[ November 3rd, 2009 ]
Jing Jing Tsong's work is a whimsical mix of color and texture. She has
worked with a wide range of clients including McDonald's, Crayola,
Anheuser Busch and publications such as The Wall Street Journal Asia,
Spirituality and Health and Honolulu Magazines. Her work has been
recognized in the Print Regional Design annual, How Self Promotion
annual and the Fresh section of Communication Arts. She and her husband
illustrator Michael Austin have their international headquarters in
When did you decide you would become an illustrator?
As a kid, I adored the work of Lois Lenski, Ezra Jack Keats and
Maurice Sendak. I drew pictures all the time, but never thought of it as a profession. I worked as a graphic designer and partnered in a boutique design studio with my husband Michael Austin. We would always incorporate our doodles into our design as much as possible. Then we realized that the doodling part was the
most fun. So it gradually evolved from there.
What do you love about illustration the most?
WOW, there's so much about it I love! I love the story telling part about it, I love the playing with color part of it, I love opening up a magazine and telling our kids, "I did this!."
Is your work silk screened or digital?
Actually, all my work is created digitally. I've had experience with traditional stone lithography, so I think in layers of texture and color. I work in Illustrator then deliver all final files as composited .jpgs. The funny thing is that I recently took a monoprint class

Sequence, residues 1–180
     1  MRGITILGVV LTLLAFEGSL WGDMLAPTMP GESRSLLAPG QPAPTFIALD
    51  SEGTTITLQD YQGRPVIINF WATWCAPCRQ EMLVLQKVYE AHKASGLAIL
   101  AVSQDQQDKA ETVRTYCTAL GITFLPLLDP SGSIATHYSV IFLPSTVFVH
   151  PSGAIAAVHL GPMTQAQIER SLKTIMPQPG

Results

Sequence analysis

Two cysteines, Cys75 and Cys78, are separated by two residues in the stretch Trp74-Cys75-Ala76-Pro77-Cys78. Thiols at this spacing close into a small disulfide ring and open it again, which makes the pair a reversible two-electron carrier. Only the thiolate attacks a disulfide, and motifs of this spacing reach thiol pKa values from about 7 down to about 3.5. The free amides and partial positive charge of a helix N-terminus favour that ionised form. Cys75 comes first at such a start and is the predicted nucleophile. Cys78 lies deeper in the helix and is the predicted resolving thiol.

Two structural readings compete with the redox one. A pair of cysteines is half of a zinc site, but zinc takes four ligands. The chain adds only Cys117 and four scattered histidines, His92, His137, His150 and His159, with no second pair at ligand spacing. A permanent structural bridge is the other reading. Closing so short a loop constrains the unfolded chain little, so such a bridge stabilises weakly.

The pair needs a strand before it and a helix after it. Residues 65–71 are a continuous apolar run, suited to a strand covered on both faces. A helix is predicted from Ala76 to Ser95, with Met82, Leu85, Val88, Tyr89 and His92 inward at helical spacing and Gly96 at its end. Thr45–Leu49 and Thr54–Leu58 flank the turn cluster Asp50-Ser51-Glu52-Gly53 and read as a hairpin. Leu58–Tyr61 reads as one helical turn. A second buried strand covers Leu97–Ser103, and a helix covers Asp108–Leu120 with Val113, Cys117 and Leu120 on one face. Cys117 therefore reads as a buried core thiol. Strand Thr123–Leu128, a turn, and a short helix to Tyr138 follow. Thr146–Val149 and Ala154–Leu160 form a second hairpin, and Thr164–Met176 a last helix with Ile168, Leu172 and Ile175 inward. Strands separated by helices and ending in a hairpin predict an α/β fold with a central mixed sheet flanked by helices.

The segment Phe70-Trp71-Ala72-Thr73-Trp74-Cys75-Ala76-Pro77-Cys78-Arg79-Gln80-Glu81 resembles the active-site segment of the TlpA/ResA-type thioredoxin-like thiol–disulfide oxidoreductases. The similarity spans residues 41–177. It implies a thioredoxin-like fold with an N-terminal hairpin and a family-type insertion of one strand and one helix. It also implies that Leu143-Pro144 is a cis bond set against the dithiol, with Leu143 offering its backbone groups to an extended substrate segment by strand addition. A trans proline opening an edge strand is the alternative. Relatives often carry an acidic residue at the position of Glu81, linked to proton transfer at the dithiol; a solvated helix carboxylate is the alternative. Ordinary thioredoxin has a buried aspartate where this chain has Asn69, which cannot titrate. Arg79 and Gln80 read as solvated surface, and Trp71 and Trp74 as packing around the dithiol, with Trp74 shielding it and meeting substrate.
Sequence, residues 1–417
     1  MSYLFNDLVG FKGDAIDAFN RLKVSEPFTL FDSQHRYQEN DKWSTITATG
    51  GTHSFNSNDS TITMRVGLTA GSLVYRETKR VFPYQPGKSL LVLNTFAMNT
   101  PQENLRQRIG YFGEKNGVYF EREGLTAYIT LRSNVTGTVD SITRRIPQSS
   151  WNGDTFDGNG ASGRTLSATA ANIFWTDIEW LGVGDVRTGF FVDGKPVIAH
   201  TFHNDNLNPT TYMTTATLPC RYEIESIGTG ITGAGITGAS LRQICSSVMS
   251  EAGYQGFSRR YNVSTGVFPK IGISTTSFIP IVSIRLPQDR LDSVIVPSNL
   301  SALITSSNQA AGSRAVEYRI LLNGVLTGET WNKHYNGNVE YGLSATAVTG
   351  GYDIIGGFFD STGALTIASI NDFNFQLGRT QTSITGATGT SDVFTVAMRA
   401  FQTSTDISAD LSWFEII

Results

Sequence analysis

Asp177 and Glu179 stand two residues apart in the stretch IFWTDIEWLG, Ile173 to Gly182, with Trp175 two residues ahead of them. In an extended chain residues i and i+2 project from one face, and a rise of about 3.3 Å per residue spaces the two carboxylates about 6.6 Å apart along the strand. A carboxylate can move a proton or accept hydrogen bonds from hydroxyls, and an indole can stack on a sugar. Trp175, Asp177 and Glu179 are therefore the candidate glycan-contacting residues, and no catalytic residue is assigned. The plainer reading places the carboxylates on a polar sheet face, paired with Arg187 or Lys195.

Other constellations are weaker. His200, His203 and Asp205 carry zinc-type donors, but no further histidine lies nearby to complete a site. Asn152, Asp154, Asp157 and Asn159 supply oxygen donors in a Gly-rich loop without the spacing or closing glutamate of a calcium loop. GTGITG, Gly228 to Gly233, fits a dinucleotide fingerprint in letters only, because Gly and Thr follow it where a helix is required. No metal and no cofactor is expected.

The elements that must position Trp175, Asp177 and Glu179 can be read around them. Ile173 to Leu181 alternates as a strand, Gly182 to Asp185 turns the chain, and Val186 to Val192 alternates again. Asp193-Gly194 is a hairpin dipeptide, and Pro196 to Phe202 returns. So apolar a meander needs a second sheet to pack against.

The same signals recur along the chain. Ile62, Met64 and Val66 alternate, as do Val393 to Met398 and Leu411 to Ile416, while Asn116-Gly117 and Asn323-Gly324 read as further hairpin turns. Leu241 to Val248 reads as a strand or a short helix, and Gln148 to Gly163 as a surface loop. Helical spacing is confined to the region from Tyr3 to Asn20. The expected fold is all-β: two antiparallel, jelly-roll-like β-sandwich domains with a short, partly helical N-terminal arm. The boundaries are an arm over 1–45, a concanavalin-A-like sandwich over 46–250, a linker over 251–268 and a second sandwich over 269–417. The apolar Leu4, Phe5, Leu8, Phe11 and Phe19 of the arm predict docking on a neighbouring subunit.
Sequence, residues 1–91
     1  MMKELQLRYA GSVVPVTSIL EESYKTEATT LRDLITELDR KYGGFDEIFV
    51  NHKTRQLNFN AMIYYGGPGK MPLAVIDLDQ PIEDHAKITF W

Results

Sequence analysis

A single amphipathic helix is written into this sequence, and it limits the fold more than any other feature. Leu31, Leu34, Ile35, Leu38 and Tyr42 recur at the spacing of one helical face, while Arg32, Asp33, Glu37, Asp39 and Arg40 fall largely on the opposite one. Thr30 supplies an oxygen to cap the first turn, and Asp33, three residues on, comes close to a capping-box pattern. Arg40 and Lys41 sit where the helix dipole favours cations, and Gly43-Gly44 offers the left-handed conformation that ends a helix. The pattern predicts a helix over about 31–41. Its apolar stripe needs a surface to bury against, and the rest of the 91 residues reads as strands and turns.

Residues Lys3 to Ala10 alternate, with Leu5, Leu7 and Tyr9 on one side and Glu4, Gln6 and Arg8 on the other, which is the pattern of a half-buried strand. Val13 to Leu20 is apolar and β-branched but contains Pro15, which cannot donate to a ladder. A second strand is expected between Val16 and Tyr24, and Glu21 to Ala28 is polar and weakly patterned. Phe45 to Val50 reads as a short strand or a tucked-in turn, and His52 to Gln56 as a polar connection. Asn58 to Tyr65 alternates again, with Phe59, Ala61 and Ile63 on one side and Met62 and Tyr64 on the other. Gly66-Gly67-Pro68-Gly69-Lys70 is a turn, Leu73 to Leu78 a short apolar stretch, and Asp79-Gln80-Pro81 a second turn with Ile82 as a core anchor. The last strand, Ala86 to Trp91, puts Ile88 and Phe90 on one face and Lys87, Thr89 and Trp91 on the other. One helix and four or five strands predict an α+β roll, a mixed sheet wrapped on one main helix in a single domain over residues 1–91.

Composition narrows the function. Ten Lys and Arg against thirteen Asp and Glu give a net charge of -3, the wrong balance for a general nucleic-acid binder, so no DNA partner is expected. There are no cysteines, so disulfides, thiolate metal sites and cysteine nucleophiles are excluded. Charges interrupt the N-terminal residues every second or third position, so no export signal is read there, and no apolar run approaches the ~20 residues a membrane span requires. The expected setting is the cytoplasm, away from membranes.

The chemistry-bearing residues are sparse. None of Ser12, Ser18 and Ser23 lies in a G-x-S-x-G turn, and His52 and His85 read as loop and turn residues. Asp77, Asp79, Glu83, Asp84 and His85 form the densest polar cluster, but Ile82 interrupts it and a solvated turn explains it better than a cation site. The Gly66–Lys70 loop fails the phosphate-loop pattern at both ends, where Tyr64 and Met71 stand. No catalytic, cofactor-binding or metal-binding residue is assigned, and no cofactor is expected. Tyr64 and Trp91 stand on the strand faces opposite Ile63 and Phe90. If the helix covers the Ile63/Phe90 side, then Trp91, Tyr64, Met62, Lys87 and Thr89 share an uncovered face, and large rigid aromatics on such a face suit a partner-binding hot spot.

and was completely intimidated by the level of commitment it takes to your concept and color. Working digitally has completely spoiled me, nothing is ever concrete, you can change your mind whenever you want!
How would you describe your color palette?
A friend joked that I am an eternal "Cloud of Optimism" on Pessimism. My colorful palette reflects how I feel :).
Tell us about being married to another illustrator, do you both inspire each other?
Michael and I love to talk about process and concepts. Most of these conversations take place on our daily drive to go surfing. After some good waves, we both retreat to our separate studios-then we usually don't see each other until the end of the day. Unless I catch him in my studio trying to steal art supplies!
What are the advantages of working in Hawaii? Are there any negatives?
Hawaii is an eclectic cultural melting pot. Predominantly, western and Asian influences-where else do people eat sushi and potato salad on the same plate?! I love the crazy mix, it's an every day feast for the senses. Because I am touch with both cultures,
I've had the chance to work on some great assignments targeted towards Asian audiences. On the other hand, I miss the comradery and support of fellow creatives on the mainland, especially the women's group of illustrators in Denver. We had a great time sharing experiences, going to galleries together and drinking wine!
What motivates you every day?
A handful of chocolate in my Kona coffee!
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